Reviewed by Ian Forbes, Sobering Conclusion
Let’s put 15 minutes on the clock!
That’s the number of minutes I’d like to spend writing a review about writer/director Andrew Niccol’s film, In Time. (Any more, and I’m simply wasting mine.)
The sci-fi premise here is that time has become the commodity by which all things are bought and sold. People are now genetically engineered to stop aging at 25 … which would be great except for the 1-year ticking clock that starts up as a result. And when your clock hits zero, that’s it folks. C’est fini. Need a cup of coffee? That’ll be 4 minutes. Need to pay your rent? That’ll be 2 days. Need to travel to a nicer time zone? That could cost you a full year.
Time zones you ask? Well, it’s basically the way in which society has walled off each caste segment of society. The rich lounge around in beautiful houses, with little to fear but a freak accident or violent crime. The poor beg and scrape to stay ahead of their personal clock, rarely figuring out a way to save up enough to move up to a nicer zone.
Crap, I’m 5 minutes down.
Okay, so the story here centers on Will Salas (Justin Timberlake). He has dreams of taking his mom to the nicest zone there is (by the way, mom’s played by Olivia Wilde … remember, everyone stops aging at 25 … and yes, this would make mingling at a bar very awkward). After a chance meeting with a rich man who’s mentally fatigued from living for so long, Will makes his way to the Beverly Hills of time zones and meets Sylvia (Amanda Seyfried), the daughter of a very wealthy time mogul (Vincent Kartheiser). Will and Sylvia’s beginning is a bit of a ransom scheme but eventually the film turns into a cross between Bonnie and Clyde, Robin Hood, and Logan’s Run. The two of them try to stay one step ahead of the law (headed up by Cillian Murphy) and the audience should try to stay well away from the movie theater.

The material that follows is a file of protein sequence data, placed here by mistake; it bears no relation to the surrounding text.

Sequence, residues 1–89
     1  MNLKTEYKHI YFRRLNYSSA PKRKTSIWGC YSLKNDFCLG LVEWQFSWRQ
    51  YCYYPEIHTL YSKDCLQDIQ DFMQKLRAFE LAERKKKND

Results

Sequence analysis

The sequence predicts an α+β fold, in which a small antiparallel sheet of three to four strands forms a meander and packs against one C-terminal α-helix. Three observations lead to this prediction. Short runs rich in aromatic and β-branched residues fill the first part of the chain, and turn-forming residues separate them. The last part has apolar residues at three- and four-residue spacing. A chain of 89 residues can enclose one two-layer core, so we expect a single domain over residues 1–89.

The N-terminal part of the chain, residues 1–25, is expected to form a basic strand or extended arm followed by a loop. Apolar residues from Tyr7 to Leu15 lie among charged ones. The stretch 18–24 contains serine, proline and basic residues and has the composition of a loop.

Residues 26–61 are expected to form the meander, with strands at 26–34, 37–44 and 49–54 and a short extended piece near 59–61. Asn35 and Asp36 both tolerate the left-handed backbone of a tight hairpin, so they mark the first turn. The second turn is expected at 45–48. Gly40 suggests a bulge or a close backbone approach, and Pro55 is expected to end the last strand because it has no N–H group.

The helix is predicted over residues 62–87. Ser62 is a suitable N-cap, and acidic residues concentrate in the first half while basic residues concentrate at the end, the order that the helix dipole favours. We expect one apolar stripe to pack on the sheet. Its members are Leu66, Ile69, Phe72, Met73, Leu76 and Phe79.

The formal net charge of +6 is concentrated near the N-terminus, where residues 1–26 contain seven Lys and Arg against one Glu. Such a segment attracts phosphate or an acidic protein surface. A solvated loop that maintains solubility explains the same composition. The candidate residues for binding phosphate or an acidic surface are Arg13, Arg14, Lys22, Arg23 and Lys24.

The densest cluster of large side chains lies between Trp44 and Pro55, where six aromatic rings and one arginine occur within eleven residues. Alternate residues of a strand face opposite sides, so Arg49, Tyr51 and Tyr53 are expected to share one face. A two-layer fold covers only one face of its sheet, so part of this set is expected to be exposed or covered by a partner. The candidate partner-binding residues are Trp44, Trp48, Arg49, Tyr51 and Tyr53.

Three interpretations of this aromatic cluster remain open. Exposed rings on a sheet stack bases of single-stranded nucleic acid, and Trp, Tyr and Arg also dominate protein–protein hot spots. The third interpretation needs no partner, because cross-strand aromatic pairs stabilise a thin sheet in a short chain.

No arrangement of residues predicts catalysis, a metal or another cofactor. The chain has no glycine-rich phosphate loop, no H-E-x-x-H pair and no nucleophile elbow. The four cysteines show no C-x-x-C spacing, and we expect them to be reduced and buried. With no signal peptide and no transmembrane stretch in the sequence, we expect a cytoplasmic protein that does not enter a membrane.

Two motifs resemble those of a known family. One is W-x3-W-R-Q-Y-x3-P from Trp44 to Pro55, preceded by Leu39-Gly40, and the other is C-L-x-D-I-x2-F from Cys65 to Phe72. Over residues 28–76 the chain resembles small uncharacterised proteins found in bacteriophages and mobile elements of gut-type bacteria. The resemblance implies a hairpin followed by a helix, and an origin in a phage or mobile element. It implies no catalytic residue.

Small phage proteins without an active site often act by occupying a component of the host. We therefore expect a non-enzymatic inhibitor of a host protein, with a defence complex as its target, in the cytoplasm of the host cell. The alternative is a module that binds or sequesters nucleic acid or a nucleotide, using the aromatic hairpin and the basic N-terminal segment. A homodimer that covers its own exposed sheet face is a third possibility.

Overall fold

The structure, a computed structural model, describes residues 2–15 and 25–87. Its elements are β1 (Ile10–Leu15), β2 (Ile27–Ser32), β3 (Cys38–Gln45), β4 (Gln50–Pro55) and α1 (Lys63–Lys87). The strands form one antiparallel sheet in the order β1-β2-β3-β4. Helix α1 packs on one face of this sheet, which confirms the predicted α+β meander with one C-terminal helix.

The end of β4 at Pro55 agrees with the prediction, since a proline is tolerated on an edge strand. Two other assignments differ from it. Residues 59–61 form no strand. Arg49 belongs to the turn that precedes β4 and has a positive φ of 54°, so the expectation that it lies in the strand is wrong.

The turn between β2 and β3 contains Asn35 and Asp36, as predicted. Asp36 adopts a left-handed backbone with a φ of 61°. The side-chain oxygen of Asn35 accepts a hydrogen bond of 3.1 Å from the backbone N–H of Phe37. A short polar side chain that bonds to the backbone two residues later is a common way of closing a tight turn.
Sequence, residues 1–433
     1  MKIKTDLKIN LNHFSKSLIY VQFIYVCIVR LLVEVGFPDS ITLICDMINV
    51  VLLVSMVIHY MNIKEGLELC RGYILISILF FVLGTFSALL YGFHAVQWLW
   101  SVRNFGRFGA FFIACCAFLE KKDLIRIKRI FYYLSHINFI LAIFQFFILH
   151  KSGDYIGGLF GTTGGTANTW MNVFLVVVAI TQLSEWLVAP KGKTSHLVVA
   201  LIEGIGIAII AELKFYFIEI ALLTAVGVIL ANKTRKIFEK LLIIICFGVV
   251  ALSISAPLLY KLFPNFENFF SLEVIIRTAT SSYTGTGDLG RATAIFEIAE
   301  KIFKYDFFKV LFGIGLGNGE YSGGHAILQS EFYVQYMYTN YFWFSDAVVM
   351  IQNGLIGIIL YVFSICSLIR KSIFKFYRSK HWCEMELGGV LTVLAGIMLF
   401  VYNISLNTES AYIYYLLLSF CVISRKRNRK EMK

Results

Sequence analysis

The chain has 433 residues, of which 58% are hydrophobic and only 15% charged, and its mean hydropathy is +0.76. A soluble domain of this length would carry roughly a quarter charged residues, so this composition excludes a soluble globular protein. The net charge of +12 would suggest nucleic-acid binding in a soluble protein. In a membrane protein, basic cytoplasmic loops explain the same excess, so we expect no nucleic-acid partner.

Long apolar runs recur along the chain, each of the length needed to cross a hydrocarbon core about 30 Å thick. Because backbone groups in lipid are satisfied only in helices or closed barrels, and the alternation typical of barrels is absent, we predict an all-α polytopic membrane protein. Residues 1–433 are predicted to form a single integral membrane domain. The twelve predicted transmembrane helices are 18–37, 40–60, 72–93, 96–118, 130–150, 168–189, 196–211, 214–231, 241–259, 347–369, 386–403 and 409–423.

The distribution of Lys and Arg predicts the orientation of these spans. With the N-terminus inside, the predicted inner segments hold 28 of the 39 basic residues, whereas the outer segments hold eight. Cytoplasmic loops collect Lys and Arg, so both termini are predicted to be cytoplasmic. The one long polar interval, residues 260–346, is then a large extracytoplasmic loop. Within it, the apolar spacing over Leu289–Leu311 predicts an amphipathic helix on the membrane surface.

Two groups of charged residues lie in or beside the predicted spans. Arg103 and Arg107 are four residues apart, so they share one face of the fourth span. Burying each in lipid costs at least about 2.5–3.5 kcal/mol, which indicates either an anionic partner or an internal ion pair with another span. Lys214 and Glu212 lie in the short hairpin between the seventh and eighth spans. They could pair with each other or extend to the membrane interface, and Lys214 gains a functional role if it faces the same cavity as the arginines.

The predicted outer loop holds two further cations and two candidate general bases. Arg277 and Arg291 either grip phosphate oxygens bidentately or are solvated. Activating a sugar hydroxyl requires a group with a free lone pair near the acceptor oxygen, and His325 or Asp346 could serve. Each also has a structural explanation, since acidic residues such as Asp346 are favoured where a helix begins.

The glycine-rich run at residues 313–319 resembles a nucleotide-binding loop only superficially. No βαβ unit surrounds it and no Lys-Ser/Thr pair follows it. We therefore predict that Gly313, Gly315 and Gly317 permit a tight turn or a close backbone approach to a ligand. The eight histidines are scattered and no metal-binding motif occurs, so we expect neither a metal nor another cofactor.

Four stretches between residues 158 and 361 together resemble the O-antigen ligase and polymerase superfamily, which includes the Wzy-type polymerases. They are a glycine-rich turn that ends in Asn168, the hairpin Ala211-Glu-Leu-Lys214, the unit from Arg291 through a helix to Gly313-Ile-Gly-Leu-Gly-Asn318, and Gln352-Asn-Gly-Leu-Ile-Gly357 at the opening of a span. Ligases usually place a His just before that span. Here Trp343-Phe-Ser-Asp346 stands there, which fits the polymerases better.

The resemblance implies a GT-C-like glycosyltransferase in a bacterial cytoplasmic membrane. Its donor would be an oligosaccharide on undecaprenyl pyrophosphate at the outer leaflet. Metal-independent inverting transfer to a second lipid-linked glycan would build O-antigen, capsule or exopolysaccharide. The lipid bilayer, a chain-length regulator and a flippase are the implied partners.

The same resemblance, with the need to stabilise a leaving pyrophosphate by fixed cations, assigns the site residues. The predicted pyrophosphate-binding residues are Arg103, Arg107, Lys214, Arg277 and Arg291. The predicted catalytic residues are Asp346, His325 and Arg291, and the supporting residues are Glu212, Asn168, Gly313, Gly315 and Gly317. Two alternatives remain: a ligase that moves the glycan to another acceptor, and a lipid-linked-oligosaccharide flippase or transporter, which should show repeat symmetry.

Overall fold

Sorry, that seemed rushed but I’ve only got 5 more minutes!
Look, the script is insipid, to say the least. It’s full of flat puns about time and its value, (my favorite being a hooker saying she’ll give you 10 minutes for an hour). The cutesy attempts to shoehorn a story about class warfare into this sci-fi shell merely come off like some film student who thinks he’s the wittiest kid in school. And then there’s the weird fact that the entire film feels like it’s filmed within a square mile of the Sixth Street Bridge in Los Angeles; with at least half a dozen trips back and forth on it.
TWO MORE MINUTES!!!
By the end of it all, I couldn’t help but get the giggles watching Timberlake and pals run from place to place, supposedly with purpose but their intentions are only loosely hinted at. It’s like Niccol had some great, grand plan but in only giving the loose framework of this sci-fi setting, trying to develop real, tangible results in the end simply doesn’t work. I doubt it was intentional but I laughed more at this than nearly every “comedy” of 2011.
So, with my time quickly running out, here’s the run down: Timberlake & Seyfried are pretty. The script is not. This is fine for a lazy afternoon on the couch but don’t let In Time part you from your money at the theaters. Then you truly would have wasted both your money and your time (sorry, I had to have at least one more shot at the title, didn’t I?)
TIME’S UP! (okay, so I got another one in.)
In Time hits theaters on October 28, 2011 and is rated PG-13 for violence, some sexuality and partial nudity, and strong language.
More on In Time:
—Trailer and cast list